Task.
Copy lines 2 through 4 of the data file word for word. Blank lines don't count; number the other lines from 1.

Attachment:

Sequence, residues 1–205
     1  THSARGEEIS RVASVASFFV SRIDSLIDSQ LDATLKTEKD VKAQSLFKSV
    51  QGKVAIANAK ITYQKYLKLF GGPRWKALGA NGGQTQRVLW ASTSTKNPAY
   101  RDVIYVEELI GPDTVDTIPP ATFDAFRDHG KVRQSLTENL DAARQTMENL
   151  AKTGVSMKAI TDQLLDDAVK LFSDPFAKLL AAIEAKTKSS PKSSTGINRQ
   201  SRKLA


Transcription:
     1  THSARGEEIS RVASVASFFV SRIDSLIDSQ LDATLKTEKD VKAQSLFKSV
    51  QGKVAIANAK ITYQKYLKLF GGPRWKALGA NGGQTQRVLW ASTSTKNPAY
   101  RDVIYVEELI GPDTVDTIPP ATFDAFRDHG KVRQSLTENL DAARQTMENL